Q: How does a catalytic converter work?
A: Exhaust passes through the catalytic converter before it passes through the muffler and tail pipe. A ceramic honeycomb lines the catalytic converter. Metal catalysts—usually platinum, rhodium, and palladium—coat the structure, which increases surface area for contact with the exhaust. The catalysts speed up the chemical reactions which convert harmful nitric oxide and unburned hydrocarbons into less harmful carbon dioxide, nitrogen, and water vapor.
Q: How do I know when I have a problem with my catalytic converter?
A: You vehicle’s onboard computer monitors your vehicle’s exhaust emissions, if they fall below accepted levels, a warning light will appear on your dash. Your Mr. Tire, Tread Quarters, or Autotire technician can run a diagnostic to determine if it is your catalytic converter.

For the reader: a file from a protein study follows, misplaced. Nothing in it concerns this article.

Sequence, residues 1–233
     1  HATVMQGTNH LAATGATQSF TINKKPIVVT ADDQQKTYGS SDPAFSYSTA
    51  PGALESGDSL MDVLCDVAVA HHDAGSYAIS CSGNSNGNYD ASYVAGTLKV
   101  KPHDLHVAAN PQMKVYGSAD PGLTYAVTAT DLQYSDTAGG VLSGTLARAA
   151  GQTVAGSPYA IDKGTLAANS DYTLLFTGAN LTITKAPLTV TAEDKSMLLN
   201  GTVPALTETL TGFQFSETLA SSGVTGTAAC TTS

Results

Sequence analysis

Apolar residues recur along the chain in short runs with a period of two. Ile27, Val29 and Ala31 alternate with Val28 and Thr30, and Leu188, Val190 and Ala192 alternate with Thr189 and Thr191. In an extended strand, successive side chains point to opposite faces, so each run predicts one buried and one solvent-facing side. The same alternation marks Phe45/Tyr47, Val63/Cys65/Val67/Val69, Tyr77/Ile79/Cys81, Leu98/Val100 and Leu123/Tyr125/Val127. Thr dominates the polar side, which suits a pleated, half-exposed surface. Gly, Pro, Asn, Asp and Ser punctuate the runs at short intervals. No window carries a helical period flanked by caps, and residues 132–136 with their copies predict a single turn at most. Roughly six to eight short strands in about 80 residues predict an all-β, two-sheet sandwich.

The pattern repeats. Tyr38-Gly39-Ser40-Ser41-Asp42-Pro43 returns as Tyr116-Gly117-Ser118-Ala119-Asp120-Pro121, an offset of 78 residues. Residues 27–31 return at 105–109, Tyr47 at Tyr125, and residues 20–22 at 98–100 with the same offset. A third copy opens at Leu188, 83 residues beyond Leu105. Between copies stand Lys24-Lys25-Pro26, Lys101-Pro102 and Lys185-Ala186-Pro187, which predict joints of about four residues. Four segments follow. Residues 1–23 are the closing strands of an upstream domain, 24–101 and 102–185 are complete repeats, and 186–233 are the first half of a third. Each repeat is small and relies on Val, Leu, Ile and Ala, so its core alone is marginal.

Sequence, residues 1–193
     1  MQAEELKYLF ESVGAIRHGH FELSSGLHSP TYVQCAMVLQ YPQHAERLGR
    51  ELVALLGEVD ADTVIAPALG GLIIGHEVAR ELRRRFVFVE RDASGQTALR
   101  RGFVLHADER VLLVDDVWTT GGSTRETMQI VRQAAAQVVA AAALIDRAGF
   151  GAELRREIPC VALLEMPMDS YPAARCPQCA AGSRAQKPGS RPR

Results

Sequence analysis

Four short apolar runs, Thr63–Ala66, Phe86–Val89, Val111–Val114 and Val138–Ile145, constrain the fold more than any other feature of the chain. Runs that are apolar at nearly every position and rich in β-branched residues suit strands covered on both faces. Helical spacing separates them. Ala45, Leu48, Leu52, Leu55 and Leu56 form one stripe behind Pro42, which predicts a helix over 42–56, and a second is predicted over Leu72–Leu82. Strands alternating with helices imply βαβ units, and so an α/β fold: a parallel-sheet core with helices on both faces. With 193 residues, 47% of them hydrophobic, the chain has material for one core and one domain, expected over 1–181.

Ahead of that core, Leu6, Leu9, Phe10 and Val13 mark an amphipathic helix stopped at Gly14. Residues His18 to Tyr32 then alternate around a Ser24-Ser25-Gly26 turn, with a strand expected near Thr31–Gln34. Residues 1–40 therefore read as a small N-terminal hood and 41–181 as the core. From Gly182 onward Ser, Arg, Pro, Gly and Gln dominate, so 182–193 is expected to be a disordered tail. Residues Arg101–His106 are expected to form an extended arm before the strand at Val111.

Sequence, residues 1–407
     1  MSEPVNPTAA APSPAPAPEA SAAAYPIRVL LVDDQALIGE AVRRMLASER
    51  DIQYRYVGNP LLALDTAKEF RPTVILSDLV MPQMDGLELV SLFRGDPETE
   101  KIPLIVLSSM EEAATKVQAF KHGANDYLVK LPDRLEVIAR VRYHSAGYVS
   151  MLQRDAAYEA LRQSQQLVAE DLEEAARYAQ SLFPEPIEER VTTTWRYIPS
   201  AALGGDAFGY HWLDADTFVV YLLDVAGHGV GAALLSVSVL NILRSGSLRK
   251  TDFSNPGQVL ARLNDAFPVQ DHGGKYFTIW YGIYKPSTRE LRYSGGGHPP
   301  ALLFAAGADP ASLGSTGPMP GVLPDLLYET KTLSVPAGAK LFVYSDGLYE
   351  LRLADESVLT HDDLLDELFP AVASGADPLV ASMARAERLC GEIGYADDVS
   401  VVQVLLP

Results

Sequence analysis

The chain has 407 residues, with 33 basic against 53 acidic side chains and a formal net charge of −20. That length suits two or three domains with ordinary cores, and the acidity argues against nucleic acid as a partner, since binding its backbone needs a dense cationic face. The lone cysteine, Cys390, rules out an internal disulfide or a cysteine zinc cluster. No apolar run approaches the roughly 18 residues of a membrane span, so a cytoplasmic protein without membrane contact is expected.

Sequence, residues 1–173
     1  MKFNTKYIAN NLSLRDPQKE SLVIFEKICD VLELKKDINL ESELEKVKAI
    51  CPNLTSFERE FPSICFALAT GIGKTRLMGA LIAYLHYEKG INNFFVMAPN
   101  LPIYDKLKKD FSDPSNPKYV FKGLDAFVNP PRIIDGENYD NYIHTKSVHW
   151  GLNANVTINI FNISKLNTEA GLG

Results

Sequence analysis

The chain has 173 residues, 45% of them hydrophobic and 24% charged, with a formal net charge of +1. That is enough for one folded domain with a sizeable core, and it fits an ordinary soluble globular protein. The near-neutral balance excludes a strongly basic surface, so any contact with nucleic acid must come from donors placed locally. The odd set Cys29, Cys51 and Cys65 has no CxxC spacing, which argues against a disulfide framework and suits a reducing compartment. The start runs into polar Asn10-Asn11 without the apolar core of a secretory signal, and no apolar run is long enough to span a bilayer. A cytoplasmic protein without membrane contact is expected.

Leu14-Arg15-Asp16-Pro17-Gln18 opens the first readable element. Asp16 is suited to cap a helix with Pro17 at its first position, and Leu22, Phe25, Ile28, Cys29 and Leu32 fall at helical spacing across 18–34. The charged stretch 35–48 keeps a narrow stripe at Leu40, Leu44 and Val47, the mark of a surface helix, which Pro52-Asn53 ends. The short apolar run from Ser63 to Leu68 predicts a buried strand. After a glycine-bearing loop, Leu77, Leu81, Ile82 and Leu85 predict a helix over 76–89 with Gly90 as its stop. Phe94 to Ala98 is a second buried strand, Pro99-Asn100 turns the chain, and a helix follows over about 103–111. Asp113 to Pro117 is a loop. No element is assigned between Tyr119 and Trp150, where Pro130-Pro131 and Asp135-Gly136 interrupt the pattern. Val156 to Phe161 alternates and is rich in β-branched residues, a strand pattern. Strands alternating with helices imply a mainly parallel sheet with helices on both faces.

Q: Why are catalytic converters so expensive?
A: They contain the rare metals platinum, rhodium, and palladium, catalysts which reduce harmful auto emissions. Some of the newest catalytic converters use gold, which is cheaper than the other metals!
Q: What is an EGR valve?
A: An exhaust gas recirculation (EGR) valve has two important functions. 1) It reduces harmful pollutants. 2) It boosts fuel efficiency. The EGR valve recirculates a portion of your exhaust to be burned again in the engine. This results in a cooler, more complete consumption of fuel.
Q: What is an oxygen sensor?
A: The oxygen sensor monitors the amount of oxygen in the exhaust. The engine computer in your vehicle can adjust the fuel-to-air mixture for maximum combustion efficiency, decreasing the amount of harmful exhaust even before it reaches the catalytic converter and muffler.
Q: My car is running rough; could it be an exhaust system problem?
A: Yes. A dirty EGR valve, a faulty or fouled catalytic converter can cause poor acceleration, rough idling, stalling, and even engine failure. If you engine overheats or the exhaust from your engine is too hot, the ceramic inside the catalytic converter can actually melt, choking the engine.
Q: How can I extend the life of my exhaust system components?